Twitter has filed for its IPO in secret, to avoid the intense scrutiny that followed Facebook’s filing in 2012. While the company is following the letter of the law under the JOBS Act its refusal to show the world its S-1 hurts small investors.
Twitter tweeted to the world late Thursday that it had taken the first step in preparing to list itself on the stock market (an initial public offering or IPO) by filing an S-1 with the Securities and Exchange Commission.
In early 2012 Facebook was in the same place: it filed an S-1 with the SEC to begin the process of going public. However, Facebook’s S-1 experience was a little different — as soon as the document was filed it was posted in a public repository meaning media and analysts had instant access to it.
This document allowed readers a very intimate view inside the company’s financial health. Facebook, as the document showed, is incredibly profitable creating an operating income of $1.7 billion on $3.7 billion in revenue. It revealed that Facebook’s mobile self, its fastest growing division, had not yet been effectively monetized. It also showed that Facebook was about to hit a growth ceiling, and could not effectively compete in the fast-growing online market of China because of the “great firewall” and fiercely competitive rivals such as Renren, Sina and Tencent.
Immediately after this document’s release the media was abuzz with analysis of the S-1 and speculation on how the stock would fare during its first few weeks on the market. Many who had never invested in stocks before decided to give it their first go with Facebook, though for this low-information group an investment during Facebook’s first few weeks was not a profitable exercise.
This past May, The Atlantic ran a piece about the “human cost” of the Facebook IPO. It profiled one low-information investor named Uma Swaminathan who decided to place the majority of her retirement savings in Facebook’s stock shortly after it was open to the public for trading. She hadn’t read Facebook’s S-1, nor was she privy to notes from research analysts to institutional investors that outlined why Facebook’s stock was one to pass on. As the story ends, Swaminathan decided to hang onto her stocks with the hope that one day the price will bounce back and she can sell them at a profit.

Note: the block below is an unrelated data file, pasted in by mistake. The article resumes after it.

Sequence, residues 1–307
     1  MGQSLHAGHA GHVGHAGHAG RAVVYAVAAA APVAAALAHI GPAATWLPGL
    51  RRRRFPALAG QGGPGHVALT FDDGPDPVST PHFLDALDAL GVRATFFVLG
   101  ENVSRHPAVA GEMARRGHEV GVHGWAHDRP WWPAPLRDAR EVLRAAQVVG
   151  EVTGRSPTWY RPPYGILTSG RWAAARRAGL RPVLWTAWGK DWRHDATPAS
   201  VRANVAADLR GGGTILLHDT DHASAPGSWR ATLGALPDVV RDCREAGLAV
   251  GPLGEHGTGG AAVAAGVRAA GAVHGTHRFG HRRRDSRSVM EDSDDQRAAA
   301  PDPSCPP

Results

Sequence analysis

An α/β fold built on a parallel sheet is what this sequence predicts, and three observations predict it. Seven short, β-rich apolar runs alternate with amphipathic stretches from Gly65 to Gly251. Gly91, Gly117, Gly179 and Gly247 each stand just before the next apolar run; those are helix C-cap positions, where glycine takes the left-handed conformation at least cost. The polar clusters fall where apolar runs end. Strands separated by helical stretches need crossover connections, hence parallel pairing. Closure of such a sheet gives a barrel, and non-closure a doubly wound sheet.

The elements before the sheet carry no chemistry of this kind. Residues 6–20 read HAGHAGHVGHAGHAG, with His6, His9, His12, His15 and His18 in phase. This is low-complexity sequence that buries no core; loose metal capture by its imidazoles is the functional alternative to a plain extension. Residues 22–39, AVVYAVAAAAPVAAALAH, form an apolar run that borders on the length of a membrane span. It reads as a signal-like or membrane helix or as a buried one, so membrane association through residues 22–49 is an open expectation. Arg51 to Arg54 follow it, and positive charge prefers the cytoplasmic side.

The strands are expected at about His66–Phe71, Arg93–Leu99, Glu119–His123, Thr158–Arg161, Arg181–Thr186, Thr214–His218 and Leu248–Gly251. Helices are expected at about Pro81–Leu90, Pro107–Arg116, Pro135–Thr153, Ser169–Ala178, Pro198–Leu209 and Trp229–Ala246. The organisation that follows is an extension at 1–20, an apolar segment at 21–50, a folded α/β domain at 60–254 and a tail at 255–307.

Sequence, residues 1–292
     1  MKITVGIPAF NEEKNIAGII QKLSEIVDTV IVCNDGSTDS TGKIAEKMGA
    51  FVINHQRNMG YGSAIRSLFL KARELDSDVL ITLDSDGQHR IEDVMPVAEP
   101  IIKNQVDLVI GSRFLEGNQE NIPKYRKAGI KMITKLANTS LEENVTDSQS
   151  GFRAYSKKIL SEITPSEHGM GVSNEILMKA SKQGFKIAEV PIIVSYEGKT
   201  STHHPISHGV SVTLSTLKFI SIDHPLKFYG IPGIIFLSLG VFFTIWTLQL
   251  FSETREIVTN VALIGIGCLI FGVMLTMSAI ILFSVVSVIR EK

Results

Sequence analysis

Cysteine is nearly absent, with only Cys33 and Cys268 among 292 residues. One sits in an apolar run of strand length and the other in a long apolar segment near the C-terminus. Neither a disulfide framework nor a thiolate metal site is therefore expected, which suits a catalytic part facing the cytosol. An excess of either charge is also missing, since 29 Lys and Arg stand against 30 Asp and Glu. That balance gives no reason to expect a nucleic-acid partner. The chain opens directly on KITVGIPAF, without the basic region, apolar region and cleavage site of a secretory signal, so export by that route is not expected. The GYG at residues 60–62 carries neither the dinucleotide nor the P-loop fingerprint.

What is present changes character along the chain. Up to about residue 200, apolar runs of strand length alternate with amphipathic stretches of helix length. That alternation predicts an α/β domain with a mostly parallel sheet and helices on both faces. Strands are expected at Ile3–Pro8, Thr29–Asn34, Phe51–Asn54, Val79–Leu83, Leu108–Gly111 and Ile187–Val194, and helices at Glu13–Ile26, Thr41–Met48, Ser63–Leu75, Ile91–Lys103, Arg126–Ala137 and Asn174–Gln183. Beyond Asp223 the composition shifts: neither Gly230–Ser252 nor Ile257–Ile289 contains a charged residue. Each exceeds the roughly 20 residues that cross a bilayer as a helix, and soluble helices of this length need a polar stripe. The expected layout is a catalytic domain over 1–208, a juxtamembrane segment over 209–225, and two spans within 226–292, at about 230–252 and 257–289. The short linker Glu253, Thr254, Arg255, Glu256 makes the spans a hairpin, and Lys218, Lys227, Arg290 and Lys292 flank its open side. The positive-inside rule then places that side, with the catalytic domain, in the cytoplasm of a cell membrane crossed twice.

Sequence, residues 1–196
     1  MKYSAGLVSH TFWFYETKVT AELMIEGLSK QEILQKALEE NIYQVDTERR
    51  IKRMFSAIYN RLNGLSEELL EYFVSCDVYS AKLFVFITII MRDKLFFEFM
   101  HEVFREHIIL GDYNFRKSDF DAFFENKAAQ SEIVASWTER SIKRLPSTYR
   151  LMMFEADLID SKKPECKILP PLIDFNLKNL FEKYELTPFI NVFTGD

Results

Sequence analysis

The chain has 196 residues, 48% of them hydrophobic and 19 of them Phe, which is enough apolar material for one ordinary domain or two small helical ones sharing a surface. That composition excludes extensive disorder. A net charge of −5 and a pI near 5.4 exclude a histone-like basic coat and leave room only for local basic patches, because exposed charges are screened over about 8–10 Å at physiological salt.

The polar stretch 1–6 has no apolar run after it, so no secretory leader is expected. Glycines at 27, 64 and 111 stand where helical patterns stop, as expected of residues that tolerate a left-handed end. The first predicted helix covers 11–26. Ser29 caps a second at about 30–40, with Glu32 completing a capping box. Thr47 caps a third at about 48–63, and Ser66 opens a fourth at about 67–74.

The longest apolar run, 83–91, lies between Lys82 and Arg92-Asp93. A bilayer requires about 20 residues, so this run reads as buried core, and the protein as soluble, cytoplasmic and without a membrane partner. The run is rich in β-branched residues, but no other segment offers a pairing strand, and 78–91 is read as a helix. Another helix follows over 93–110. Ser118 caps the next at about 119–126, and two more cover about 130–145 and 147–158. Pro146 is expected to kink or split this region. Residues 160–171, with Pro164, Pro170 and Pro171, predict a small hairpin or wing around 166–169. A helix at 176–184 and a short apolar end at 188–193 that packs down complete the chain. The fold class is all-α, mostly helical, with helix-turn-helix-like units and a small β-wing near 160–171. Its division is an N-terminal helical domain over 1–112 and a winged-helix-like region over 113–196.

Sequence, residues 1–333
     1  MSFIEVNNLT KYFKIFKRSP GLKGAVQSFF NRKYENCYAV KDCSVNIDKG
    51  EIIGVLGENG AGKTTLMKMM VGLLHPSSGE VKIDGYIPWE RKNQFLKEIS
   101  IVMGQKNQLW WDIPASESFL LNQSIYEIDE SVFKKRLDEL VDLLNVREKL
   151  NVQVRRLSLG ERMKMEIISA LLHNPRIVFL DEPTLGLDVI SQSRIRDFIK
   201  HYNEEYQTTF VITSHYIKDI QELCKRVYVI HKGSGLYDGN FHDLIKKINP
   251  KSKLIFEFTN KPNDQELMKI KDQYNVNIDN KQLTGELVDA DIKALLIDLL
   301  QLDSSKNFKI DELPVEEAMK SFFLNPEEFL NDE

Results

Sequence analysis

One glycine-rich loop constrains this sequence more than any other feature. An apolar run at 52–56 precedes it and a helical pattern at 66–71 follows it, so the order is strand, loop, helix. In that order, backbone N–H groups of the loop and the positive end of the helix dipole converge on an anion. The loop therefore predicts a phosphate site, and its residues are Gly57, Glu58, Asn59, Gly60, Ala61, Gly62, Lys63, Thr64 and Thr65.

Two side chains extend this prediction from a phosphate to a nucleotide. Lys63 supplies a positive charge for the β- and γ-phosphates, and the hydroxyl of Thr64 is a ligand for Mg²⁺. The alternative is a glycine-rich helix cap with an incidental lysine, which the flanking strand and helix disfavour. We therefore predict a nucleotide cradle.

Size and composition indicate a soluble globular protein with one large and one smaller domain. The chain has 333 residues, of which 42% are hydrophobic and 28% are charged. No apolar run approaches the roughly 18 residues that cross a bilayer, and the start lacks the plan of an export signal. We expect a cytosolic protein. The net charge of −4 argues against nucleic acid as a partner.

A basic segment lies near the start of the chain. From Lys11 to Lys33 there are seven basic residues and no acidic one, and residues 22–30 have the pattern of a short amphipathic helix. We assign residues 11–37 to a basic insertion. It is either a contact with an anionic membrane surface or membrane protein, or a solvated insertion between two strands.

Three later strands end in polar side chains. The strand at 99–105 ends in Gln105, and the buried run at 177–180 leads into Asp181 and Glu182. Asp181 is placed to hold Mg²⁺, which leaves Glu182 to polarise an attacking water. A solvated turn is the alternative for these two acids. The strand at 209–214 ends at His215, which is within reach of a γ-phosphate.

Twitter, on the other hand, is going about things a little differently. Because its revenue is less than $1-billion, the Jumpstart our Businesses Act (JOBS) allows it to keep its S-1 private, visible to only a few select institutional investors and underwriters, until three weeks before its IPO.
The intent of the act was to allow companies to test the waters to see how some investors would receive the stock, and allay any concerns they may have. In competitive markets, it also saves companies from having to make their financial matters and internal risk assessments public — a gold mine for the company’s competitors.
Except Twitter doesn’t have any competitors in North America. Facebook and Google Plus might compete for people’s time, but neither offer a microblogging service just like Twitter. Thus, the privilege of keeping the S-1 private doesn’t help Twitter in that sense.
Where it does help Twitter is shielding it from scrutiny. Like Facebook, Twitter is an advertising company and its sustainability is tied to advertisers continuing to view Twitter’s ads as profitable. It’s revenues and profit are wholly dependent on advertisers continuing to purchase ads. In the future, hypothetically, Twitter could remain popular but the next big thing in advertising may come along stealing the company’s ad dollars and hurting its profitability. Perhaps Twitter’s executives have disclosed this in the company’s risk assessment in its S-1. Some institutional investors might know this, but medium sized and small investors will not. Without seeing the company’s margins, growth projections, revenue or operating income even experienced small or medium investors are as wise to the stock’s fundamentals as Uma Swaminathan was with Facebook’s.
The SEC made these S-1 disclosure rules for a reason. One of them was not allowing companies riding the social media bubble to game the system with a few big bank conspirators.